In 2014, as Mayor-elect Bill de Blasio — who coasted to landslide victory against far more established rivals — vowed to end the “Tale of Two Cities,” he was flanked by none other than former President Bill Clinton.
Clinton’s wife, former Secretary of State Hillary Clinton — whose 2000 Senate campaign de Blasio managed — became the Democratic presidential nominee and got de Blasio’s support, though belatedly.
Four years later — and a little more than a year after Clinton’s unexpected loss to now-President Donald Trump — de Blasio had a different type of politician by his side: the self-proclaimed democratic socialist Bernie Sanders, the Independent senator from Vermont who is viewed as a leading progressive voice despite losing the Democratic presidential primary to Clinton.
The mayor being sworn in by Sanders, who endorsed de Blasio for reelection, was perhaps a sign of an appetite for more progressive leaders and a move away from establishment and more centrist Democratic politics.
“About a year ago, Jane and I attended an inauguration in Washington, D.C. and let me tell you, today’s inauguration is a lot more fun,” Sanders told the crowd before swearing de Blasio in, garnering laughter and applause from the crowd.
Sanders, whose jacket was zipped to the top and covered with a blanket to fend off the freezing cold, said the United States is the only major country that does not guarantee health care for all people. He blasted the Trump administration for taking aim at former President Barack Obama’s Affordable Care Act, its tax reform plan, for eviscerating environmental legislation and making it harder for students to afford higher education.
The Trump administration, he contended, is trying to divide people “to appeal to our worst prejudices.”
“That is the bad news,” he continued. “But I am very happy to say that there’s also a lot of good news in our country and we are witnessing some of that good news today. In this city, the largest city in our country, the people of New York, under Bill de Blasio, have chosen to move government in a very different direction than what we’re seeing in Washington.”
Among de Blasio’s accomplishments, Sanders said, are his universal prekindergarten initiative, rent stabilization, the neighborhood policing initiative that pairs residents with police officers and ensuring the city remains a “sanctuary city” for all immigrants. Sanders also praised First Lady Chirlane McCray for her ThriveNYC mental health initiative.
De Blasio, Sanders maintained, listens to the needs of working families “instead of pandering to billionaires.”
“The bottom line is, that what Mayor de Blasio and his administration understand is that in this country, in the home of Ellis Island, our job is to bring people together with love and compassion,” Sanders added.
De Blasio said Sanders and his wife, Jane O’Meara Sanders, who was also present, lauded the couple.
“These two proud Brooklynites have changed America in a profound way,” the mayor said after Sanders swore him in. “Bernie and Jane, you have proven that the voices of the people are what matter most and the political process in this country will never be the same. It will be better. It will be more democratic because of what these two have done.”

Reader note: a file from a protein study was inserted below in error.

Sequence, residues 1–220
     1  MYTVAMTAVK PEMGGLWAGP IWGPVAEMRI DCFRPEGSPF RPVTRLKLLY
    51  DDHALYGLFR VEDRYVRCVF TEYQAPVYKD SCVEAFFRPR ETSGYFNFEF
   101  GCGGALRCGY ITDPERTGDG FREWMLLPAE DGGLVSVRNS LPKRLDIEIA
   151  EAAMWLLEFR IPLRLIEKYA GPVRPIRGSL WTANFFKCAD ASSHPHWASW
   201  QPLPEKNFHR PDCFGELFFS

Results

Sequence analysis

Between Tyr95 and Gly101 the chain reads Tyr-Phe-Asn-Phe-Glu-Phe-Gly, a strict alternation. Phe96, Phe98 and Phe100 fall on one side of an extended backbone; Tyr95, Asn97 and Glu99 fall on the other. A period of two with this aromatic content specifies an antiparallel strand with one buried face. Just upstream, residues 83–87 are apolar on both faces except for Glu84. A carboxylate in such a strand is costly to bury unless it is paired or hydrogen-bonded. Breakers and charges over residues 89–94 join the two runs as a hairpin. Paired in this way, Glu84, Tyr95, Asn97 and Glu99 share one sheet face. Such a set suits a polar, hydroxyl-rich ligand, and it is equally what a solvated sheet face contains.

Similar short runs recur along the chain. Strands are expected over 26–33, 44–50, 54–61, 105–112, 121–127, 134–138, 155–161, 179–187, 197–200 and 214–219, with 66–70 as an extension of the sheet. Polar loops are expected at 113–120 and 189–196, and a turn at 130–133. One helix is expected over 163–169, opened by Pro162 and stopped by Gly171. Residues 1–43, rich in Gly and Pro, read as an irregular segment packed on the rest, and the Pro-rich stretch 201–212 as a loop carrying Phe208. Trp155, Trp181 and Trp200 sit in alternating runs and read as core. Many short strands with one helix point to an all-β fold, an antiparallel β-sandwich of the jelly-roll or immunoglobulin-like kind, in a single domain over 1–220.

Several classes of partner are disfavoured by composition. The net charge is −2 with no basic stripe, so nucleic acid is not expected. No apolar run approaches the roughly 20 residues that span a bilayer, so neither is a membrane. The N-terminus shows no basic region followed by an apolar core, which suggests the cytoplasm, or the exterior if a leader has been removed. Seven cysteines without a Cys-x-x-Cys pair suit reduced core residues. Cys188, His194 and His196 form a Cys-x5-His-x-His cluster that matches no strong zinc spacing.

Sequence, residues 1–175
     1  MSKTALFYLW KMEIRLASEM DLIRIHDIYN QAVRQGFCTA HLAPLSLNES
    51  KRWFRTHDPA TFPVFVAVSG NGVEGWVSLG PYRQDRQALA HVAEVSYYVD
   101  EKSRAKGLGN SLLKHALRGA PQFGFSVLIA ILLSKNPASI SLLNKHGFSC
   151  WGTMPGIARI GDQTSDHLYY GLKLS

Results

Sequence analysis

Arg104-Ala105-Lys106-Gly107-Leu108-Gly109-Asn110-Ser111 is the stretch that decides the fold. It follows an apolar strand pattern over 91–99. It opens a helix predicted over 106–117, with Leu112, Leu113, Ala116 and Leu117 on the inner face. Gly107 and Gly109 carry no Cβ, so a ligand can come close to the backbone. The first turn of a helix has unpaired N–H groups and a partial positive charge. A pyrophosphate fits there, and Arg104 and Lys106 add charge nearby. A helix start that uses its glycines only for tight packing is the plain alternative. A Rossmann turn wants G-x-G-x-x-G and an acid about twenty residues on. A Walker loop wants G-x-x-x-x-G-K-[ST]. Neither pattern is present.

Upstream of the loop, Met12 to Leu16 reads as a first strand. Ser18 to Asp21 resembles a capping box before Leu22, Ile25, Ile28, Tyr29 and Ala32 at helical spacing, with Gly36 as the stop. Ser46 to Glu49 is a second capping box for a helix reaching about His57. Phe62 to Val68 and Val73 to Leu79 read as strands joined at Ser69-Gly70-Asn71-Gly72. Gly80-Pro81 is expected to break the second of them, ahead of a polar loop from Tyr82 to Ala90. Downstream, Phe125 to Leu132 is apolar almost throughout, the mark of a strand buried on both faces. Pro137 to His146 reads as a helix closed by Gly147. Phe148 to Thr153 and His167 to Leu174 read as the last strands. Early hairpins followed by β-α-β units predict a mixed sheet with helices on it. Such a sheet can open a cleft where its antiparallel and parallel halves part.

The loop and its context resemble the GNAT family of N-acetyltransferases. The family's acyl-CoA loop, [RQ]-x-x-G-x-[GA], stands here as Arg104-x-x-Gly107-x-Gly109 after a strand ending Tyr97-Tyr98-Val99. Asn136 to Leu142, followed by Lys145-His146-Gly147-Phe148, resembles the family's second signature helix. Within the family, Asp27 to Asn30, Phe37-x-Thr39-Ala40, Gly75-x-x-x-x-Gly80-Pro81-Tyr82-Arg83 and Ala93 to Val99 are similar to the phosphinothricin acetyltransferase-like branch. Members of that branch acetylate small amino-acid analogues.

Second Term Officially Starts
During his speech, de Blasio did not speak to any new initiatives or plans for the second term but discussed first-term achievements, including the neighborhood policing initiative.
“Here’s what we can say more proudly than ever as we start the year 2018: we are the safest big city in America,” he said. “My friends, we are safer than at any time since the 1950s…As of midnight, New York City recorded the lowest number of homicides for any year since 1951. We have brought police and community together like never before.”
The mayor expressed hope that the city will hold the title of safest big city “for many years to come.” He repeated his campaign slogan, “This is Your City”: a reminder the city does not belong to big landlords, developers, titans of Wall Street or the 1 percent.
“I have another hope for this city: I want us to be the fairest big city in America and I know we can do it because we are called in a time of vast, overt disparities to do something different, to be something better,” de Blasio continued. “For too many years, our city descended into growing inequality, numbly allowing our social fabric to be torn more and more. The message conveyed to thousands upon thousands of our fellow citizens was that they didn’t count.”
He concluded his speech by affirming the city’s values of diversity and inclusion. He insisted the city has a responsibility to remain “a beacon to our nation and to the world.”
“We know the overt and gleeful prejudice that is suddenly imposed spits in the face of all that has made our city great and we will not be passive in the face of regret,” the mayor added. “We will not ignore or deny the threat. We will confront it head on. To do anything less would be an affront to our very identity as New Yorkers.”
In opening remarks, McCray echoed similar sentiments.